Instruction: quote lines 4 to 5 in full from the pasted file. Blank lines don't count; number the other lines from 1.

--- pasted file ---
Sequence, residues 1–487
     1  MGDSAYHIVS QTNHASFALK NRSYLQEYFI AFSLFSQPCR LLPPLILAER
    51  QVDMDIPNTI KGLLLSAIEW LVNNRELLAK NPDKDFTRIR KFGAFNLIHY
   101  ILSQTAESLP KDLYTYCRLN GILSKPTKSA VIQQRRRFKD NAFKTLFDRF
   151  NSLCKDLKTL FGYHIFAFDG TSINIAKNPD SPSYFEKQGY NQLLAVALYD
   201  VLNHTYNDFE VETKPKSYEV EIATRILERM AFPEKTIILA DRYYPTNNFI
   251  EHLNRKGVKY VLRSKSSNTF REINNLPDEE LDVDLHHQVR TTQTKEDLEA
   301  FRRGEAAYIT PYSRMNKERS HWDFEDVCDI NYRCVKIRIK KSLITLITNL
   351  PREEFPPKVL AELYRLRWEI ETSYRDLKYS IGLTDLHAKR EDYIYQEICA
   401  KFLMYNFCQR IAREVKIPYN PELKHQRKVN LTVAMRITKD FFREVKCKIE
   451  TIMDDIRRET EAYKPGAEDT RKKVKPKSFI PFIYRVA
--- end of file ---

   101  ILSQTAESLP KDLYTYCRLN GILSKPTKSA VIQQRRRFKD NAFKTLFDRF
   151  NSLCKDLKTL FGYHIFAFDG TSINIAKNPD SPSYFEKQGY NQLLAVALYD